Today I was thinking about grace. Grace sounds so nice. It brings images to mind like a graceful flower or a swan. Beautiful, peaceful, gentle, natural.
In the dictionary, I found some interesting definitions here. Grace is a deep word. I’ve heard it defined as unmerited favor. The word can be what a king does when he visits a peasant. It can mean approval, favor, mercy, or pardon. It can mean “sense of propriety or right,” which seems to contradict some of the other definitions. Our Sunday school teacher in Spokane keeps saying that grace is scandelous. It doesn’t seem right. It’s unnatural.
In my observation, grace is hard. It’s costly and active. It demands tremendous self-sacrifice to bestow unmerited favor. It’s unfair.
This got me thinking about my experience with grace, especially as it relates to conflict. When my siblings and I were kids, we were great at getting underneath one another’s skin. Allison and I are the closest in age, and had the most run-ins. She was always a lot cooler than me and although 13 months younger she was always socially a step ahead. I remember several instances when it went like this:
She did something that hurt my feelings.
I could have chosen, at this point, to respond with grace.
However, I responded naturally, and got angry. Acting on that anger, my fists started flying. I was always a lot bigger and was also a good fighter, so the physical odds were decidedly in my favor.
The circumstances, however, were not. The one who gets in trouble when a fight starts is almost always the big one who is punching, no matter what the little one did to deserve it.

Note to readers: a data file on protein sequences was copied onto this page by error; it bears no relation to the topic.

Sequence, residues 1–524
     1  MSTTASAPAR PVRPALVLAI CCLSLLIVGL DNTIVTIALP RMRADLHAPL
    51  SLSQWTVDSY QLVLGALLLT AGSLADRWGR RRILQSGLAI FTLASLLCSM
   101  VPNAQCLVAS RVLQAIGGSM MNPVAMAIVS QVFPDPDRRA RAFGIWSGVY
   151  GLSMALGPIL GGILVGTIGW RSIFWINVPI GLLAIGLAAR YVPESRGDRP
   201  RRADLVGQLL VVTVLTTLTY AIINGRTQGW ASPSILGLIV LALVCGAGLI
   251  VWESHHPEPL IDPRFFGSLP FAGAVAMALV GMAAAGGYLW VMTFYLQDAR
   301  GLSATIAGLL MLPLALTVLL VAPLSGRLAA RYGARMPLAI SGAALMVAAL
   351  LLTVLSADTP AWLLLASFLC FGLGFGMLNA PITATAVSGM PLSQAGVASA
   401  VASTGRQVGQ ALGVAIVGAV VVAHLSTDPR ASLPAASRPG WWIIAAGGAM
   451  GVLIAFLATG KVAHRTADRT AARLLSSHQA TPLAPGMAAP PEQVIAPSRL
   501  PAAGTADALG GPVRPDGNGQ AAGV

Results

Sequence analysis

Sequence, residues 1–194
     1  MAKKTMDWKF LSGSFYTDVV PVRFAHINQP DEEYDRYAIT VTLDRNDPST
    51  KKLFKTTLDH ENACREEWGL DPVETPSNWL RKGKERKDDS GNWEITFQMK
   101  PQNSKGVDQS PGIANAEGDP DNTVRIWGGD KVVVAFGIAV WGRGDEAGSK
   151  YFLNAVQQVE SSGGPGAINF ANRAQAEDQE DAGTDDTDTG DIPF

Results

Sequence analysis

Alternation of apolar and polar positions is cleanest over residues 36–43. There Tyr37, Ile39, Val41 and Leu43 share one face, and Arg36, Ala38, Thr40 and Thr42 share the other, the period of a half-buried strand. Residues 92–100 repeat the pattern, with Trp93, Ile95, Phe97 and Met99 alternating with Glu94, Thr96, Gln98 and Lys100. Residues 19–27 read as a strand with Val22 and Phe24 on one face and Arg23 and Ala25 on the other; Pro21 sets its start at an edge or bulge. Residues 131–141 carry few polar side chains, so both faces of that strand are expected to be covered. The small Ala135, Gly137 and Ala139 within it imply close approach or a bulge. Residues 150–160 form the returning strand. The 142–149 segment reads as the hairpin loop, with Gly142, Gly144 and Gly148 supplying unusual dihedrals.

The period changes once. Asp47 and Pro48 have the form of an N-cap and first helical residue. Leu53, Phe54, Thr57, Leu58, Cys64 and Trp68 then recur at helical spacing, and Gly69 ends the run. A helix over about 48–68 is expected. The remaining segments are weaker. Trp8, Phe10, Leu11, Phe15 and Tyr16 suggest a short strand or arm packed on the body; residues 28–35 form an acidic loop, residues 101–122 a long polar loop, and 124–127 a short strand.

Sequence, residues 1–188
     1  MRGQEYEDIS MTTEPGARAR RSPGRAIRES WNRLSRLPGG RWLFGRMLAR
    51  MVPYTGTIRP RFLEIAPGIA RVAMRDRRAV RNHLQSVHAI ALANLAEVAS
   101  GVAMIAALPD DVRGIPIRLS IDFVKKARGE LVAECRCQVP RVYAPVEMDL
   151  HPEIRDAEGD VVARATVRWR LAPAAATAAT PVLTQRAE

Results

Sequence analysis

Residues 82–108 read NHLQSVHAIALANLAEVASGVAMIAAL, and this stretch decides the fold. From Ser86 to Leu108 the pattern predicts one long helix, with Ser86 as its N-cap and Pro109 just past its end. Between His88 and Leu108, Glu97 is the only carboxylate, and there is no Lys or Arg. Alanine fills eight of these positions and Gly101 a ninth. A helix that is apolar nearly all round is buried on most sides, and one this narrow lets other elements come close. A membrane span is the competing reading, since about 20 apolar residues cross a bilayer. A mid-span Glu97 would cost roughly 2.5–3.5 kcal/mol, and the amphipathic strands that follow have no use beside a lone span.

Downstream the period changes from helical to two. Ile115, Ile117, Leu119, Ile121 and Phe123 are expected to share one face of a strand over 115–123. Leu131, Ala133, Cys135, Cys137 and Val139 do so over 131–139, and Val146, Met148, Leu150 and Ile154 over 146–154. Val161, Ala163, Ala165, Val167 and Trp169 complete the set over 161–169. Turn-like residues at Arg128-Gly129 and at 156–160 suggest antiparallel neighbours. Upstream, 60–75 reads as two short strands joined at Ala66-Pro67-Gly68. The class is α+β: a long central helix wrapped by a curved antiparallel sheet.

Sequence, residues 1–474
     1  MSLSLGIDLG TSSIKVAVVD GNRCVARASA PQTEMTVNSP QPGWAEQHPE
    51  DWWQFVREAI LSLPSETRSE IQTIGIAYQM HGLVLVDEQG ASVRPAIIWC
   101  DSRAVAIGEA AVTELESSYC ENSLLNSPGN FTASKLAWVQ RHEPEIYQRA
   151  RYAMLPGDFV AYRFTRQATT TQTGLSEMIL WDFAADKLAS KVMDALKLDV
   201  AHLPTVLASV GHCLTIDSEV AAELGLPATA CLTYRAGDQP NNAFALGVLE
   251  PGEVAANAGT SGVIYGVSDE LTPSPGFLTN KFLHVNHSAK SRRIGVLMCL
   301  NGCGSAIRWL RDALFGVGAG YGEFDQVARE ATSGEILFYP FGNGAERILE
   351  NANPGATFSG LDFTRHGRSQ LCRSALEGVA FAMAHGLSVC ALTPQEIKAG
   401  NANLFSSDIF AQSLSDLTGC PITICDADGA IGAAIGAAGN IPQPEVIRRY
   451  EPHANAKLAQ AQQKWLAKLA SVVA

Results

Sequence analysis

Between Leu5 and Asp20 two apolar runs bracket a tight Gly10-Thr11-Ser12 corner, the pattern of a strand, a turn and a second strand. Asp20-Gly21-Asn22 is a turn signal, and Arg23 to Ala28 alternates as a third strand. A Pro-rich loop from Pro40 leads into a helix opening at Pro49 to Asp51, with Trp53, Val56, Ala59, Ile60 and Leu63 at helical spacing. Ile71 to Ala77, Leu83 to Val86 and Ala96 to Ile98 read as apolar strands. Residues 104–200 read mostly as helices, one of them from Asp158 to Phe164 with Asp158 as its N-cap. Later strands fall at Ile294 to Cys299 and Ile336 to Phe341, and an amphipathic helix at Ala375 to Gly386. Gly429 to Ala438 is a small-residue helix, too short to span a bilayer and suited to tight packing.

I have a vague memory of my mom making me apologize while I was still seeing red. Imagine her holding me back so I couldn’t continue the physical onslaught.
Mom: “Laura, apologize to your sister.”
Laura (spitting the words): “I’m sorry.”
Allison: “Mom, she didn’t mean it!”
Mom: “Laura, you know how we do this in our family. Look her in the EYES, say you’re sorry, and ask her to forgive you.”
OH the pain of that moment! Trying to make myself apologize was swimming against the current of every emotion in me. Sure, I knew I shouldn’t have been beating my sister up. But from my perspective, she totally deserved it! I had reacted in the only way I knew I could win. In my eyes, I was justified.
If I apologize, doesn’t she get off scot-free for what she did to me? Worse, to ask for forgiveness was to ask her to be gracious to me. Maybe she would see that as weakness and use it against me. Still, I knew I wasn’t going to get out of the situation until I did an unnatural thing: apologize.
Breathe. Stop looking at your feet. Just get it over with.
Laura (pushing out the words while trying to make eye contact with her smug opponent): “I’m sorry. (Long pause, breathe, breathe, breathe.) Will you forgive me?”
Mom: “Allison, tell her you forgive her.”
Allison (reluctantly, and looking a little less smug): “I forgive you.”
Although somewhat forced, she did grant me favor with those words.
In that feeling of swimming upstream against my emotions, I was learning some big lessons. I felt I had the right to make her pay. She hurt me, and how else could I convey how hurt I was other than to show her what hurt feels like? Still, I wasn’t right to make her pay. In hindsight here is no way I could have punished her fairly. You may think that my reaction was disproportionate to her crime. But it certainly wasn’t to me!
The Bible has a lot of unnatural commands regarding dealing with conflict. This one comes to mind today:
Do not repay anyone evil for evil. Be careful to do what is right in the eyes of everyone. If it is possible, as far as it depends on you, live at peace with everyone. Do not take revenge, my dear friends, but leave room for God’s wrath, for it is written: “It is mine to avenge; I will repay,”says the Lord. On the contrary:
if he is thirsty, give him something to drink.
In doing this, you will heap burning coals on his head.”